In this vein of making yarn with an end project in mind, Yarnitecture includes 12 patterns for handspun yarn by well-known knitting designers. There are shawls of course, but also a variety of sweaters and accessories. Every pattern includes the usual knitting pattern preamble notes as well as detailed information about how the handspun was spun so you can recreate the yarn. And you’ll actually want too because the patterns are beautiful. I’m very tempted to spin and cast on for the Maya Cardigan by Kirsten Kapor, the Hive Mind mitts by Adrian Bizilla, and the Rigby Cardigan by Bristol Ivy.

Let’s sum up. Yarnitecture (<<— affiliate link!*) is a great book for new spinners just getting into the art of making yarn, and intermediate spinners who are interested in spinning for larger projects. It has clear photos, detailed step-by-step instructions, and lots of helpful information. Definitely give it a look and consider adding it to your spinning library.

*This review contains an affiliate link which means, if you decide to buy through that link, I’ll get a small commission. My opinions of this book are unbiased and totally my own. I wouldn’t recommend this book if I didn't think it had value. Thanks!

Spinzilla Watching

Following Spinzilla is making me want to spin again! | withwool.com

Spinzilla, an epic competitive spin-along to make as much yarn as possible, kicked off on Sunday. The event started in 2013 both to promote hand spinning and raise funds for the NeedleArts Mentoring Program. And whether you joined a team or are spinning rogue this year, I wish you lots of wool, yardage, and happy hands. 

I made a yardage calculator for previous Spinzillas which you can find here. It should take the guess work out of tallying everything you’ve spun, and will also calculate the plying yardage. 

I’ve spun rogue, aka without a team, in 2013, 2014, and 2015, but decided to sit this one out. Just the thought of a week of near constant spinning made me tired. Though it’s been a lot of fun watching other spinner’s progress and yarn pop up on Instagram over the past few days. So much color and yardage! Even though I’m not spinning along this year, Spinzilla has made me realize that I haven’t touched my wheel since the end of Tour de Fleece in July. Eeek! That’s quite a switch after my 100+ days of daily spinning I tackled in the first half of this year. I’ve got 4 bobbins of alpaca ready to be plied and 500+ yards of fingering weight 2-ply to get back to. I really shouldn’t let that sit much longer so guess it’s time to get back to the wheel.  

Tour de Fleece 2017

12.2 ounces, 418 yards, and 3 weeks of awesome yarn! I had a blast spinning along with Tour de Fleece this year! | withwool.com

And that's a wrap! Another Tour de Fleece is behind us. If you spun along this year, I hope you enjoyed yourself and made handspun you can't wait to use. 

&nbsp;12.2 ounces, 418 yards, and 3 weeks of awesome yarn! I had a blast spinning along with Tour de Fleece this year! | withwool.com

While I didn't spin every ounce of fiber I pulled from the stash, I'm still pleased with what I did accomplish. I started spinning just for the fun of it with the rough goal of making a heavier than a sport weight yarn. Definitely succeeded on that count. The first skein of the Tour is a textured bulky yarn and the closest I've come to spinning art yarn in awhile. It's 158 yards of Shetland Wool, Alpaca, and Silk Noil. You can read more about the technicals of how I spun it here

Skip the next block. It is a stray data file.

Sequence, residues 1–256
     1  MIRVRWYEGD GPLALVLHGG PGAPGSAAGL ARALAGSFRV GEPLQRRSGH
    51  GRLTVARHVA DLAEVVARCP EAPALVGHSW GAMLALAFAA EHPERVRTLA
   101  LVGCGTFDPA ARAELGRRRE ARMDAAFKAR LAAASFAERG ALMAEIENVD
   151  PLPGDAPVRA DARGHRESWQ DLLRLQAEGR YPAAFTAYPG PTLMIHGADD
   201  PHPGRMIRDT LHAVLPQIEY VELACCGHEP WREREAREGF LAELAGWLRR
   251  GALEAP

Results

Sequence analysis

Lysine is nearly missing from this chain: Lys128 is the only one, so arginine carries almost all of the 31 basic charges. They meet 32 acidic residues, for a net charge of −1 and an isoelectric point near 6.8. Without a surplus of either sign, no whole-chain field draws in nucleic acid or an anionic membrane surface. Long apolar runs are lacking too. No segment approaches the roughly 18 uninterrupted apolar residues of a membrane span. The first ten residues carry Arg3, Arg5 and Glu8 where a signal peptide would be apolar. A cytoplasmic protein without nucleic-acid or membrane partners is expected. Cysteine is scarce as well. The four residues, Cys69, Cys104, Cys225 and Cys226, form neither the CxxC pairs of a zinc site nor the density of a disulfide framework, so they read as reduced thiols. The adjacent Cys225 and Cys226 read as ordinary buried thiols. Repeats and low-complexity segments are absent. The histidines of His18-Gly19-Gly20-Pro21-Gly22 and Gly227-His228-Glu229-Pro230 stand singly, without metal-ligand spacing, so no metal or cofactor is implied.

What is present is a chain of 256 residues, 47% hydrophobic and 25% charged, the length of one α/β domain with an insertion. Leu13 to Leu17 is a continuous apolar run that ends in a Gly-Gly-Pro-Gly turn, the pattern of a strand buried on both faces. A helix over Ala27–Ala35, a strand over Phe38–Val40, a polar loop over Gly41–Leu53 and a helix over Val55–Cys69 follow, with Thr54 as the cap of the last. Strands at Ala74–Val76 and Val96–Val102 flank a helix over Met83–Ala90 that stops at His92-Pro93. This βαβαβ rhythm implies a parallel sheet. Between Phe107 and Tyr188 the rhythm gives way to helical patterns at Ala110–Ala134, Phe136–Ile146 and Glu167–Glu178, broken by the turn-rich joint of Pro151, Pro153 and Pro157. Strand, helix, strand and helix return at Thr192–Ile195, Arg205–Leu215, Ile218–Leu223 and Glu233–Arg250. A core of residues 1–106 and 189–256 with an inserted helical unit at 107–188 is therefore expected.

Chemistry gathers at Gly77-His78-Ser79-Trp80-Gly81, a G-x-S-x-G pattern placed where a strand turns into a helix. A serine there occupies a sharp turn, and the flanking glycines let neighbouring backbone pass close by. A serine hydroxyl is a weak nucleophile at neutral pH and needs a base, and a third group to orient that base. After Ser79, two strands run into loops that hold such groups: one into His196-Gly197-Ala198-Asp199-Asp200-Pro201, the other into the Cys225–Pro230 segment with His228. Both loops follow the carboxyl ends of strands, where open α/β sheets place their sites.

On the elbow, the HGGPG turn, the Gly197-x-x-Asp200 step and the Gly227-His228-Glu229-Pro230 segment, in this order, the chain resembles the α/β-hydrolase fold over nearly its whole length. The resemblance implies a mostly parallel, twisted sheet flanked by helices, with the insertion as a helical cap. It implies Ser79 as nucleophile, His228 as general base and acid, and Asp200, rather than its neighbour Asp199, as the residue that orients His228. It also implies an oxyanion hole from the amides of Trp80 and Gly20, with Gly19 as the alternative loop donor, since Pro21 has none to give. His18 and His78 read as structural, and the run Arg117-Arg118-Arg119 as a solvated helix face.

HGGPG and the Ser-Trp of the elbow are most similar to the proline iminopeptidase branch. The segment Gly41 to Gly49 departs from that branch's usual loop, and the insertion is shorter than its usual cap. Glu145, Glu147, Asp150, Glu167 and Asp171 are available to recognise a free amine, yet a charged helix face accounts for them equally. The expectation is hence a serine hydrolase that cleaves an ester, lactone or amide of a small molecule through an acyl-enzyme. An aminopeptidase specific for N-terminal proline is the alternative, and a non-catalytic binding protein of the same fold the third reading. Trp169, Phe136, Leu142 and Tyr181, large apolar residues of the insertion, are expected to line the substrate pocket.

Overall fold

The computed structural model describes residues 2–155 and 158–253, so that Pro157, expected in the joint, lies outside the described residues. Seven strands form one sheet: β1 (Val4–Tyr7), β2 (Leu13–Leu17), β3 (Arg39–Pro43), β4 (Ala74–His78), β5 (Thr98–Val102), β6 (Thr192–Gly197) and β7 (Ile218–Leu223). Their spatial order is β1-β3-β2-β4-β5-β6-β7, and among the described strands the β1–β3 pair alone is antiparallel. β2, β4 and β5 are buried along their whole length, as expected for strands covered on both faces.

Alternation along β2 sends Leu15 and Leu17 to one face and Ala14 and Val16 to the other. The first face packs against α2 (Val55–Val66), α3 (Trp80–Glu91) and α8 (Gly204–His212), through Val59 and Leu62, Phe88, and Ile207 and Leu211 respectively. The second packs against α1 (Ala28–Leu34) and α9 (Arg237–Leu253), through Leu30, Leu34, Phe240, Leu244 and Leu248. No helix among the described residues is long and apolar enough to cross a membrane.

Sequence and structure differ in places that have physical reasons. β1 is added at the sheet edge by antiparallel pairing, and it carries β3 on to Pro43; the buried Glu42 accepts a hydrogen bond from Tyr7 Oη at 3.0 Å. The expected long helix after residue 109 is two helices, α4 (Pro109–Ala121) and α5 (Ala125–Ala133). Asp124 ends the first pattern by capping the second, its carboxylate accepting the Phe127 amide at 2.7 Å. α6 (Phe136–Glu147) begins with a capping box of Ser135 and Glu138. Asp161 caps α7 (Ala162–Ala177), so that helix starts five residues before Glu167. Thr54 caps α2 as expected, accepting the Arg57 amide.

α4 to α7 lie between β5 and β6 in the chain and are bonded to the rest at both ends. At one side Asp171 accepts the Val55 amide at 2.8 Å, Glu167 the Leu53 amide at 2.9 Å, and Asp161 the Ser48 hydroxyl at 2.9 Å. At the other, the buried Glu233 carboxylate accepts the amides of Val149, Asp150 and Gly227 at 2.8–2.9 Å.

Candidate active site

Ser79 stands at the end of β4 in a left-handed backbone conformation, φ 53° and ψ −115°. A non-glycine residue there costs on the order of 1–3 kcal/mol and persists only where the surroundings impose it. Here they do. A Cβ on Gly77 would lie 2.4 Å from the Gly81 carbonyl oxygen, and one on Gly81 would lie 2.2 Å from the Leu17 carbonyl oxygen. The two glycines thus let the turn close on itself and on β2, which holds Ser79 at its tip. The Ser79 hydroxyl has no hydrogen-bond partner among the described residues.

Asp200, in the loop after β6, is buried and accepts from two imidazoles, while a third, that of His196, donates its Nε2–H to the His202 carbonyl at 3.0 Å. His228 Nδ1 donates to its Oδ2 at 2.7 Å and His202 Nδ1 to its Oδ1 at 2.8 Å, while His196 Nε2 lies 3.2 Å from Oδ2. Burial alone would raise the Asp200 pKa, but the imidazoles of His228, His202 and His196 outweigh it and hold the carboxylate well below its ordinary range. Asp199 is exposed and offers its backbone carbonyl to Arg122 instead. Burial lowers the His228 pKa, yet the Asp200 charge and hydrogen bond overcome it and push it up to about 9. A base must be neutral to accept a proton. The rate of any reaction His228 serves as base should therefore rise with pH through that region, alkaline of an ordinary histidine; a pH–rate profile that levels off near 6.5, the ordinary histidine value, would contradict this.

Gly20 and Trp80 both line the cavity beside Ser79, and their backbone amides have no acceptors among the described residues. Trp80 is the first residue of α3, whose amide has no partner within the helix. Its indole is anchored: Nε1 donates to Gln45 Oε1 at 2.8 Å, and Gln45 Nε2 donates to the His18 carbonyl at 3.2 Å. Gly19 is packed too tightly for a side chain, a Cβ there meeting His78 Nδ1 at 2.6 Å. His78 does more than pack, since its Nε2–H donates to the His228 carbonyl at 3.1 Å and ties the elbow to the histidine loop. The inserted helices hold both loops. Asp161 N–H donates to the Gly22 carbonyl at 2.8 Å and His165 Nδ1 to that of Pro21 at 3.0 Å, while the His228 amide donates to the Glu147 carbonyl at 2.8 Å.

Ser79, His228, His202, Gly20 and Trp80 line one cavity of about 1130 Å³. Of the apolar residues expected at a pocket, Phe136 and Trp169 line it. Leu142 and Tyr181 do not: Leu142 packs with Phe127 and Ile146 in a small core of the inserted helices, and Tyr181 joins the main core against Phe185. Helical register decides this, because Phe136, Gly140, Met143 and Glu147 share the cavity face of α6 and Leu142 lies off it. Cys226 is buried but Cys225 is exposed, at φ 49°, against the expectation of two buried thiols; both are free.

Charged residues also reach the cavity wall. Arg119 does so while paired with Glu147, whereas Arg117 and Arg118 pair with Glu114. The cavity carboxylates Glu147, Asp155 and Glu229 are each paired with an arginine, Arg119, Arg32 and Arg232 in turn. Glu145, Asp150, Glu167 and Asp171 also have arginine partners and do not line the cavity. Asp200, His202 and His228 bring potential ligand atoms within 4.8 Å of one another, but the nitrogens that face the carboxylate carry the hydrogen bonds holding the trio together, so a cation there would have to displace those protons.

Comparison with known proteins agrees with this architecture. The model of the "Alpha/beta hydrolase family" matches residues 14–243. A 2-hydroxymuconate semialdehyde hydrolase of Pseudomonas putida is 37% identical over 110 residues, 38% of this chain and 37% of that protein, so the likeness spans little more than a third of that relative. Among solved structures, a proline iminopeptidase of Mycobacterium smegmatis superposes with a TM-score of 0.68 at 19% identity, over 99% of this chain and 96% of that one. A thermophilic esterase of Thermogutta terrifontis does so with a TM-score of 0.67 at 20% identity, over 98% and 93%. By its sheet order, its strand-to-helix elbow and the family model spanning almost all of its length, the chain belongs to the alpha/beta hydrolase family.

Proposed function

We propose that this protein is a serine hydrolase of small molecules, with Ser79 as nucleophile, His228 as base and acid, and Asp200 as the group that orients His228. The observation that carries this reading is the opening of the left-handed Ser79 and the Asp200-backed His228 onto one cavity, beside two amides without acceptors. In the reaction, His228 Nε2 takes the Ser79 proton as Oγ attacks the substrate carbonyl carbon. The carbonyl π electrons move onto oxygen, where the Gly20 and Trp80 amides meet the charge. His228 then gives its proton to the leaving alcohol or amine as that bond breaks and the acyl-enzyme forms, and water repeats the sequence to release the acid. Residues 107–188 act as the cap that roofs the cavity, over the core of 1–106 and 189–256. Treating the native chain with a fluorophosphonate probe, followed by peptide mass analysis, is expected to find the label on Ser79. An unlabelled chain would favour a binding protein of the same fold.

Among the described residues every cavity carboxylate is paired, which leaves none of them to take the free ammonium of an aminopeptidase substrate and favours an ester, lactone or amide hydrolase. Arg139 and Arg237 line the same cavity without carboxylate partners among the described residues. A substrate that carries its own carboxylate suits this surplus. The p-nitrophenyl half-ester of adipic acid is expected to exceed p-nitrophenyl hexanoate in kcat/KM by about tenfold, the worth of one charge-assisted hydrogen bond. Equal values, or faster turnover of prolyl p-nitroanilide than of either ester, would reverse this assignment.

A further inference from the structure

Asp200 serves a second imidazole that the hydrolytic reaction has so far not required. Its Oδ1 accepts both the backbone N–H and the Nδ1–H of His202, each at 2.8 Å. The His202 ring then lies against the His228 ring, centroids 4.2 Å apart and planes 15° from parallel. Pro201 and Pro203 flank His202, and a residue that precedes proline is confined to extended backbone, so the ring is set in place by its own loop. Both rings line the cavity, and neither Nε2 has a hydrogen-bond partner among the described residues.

&nbsp;12.2 ounces, 418 yards, and 3 weeks of awesome yarn! I had a blast spinning along with Tour de Fleece this year! | withwool.com

The second skein started as 4.2 ounces of hand painted top and turned into 260 yards of aran weight. I split the top in half down the middle. The first ply I spun as is and second I split in half again. It made a nice lazy fractal that I really want to knit. Pretty sure I've got enough yardage to make a small Boneyard Shawl if I knit at a loose gauge. 

&nbsp;12.2 ounces, 418 yards, and 3 weeks of awesome yarn! I had a blast spinning along with Tour de Fleece this year! | withwool.com

I spent the last chunk of Tour de Fleece doing some challenge spinning: 4 oz of alpaca batts. Plus, I got to check "Spin a batt I made myself" off my goals for this year. My previous attempts at spinning alpaca turned out wiry and over twisted, and I wanted to do a much better job with this batch. Obviously, I haven't plied it yet but I'm pleased with what's on the bobbins. It's got a reasonably smooth surface and is still soft. Seems like it's got enough twist to hold together during plying too. I'm cautiously optimistic about getting a soft, cushy yarn that'll do justice to the 10 years I've been waiting to spin this precious fiber

&nbsp;12.2 ounces, 418 yards, and 3 weeks of awesome yarn! I had a blast spinning along with Tour de Fleece this year! | withwool.com

What I didn't do much of was play around with my drum carder. I got 2 batches of fiber through for one pass each. Then I hit a snag. The locks I'm working with are a bit felted. Teasing them open helped get them onto the main drum, but a good quarter of the fiber stayed trapped in the tines when I peeled the batt off. Got any tips for picking the fiber off the drum? I haven't found a good solution that doesn't involve teasers and a lot of time. 

Drum carder snag aside, this was a good Tour de Fleece. I enjoyed spinning everyday - even on rest days - and spun just for the fun off it. I joined a few teams and had fun sharing and talking to other spinners. I’m pleased with all my new handspun, and even have a few ideas of what to do with it. So I’m calling this Tour a win. 

How did this Tour de Fleece go for you? Did you learn something new or try a new fiber? Spin a lot or a little? Make yarn you can’t wait to use?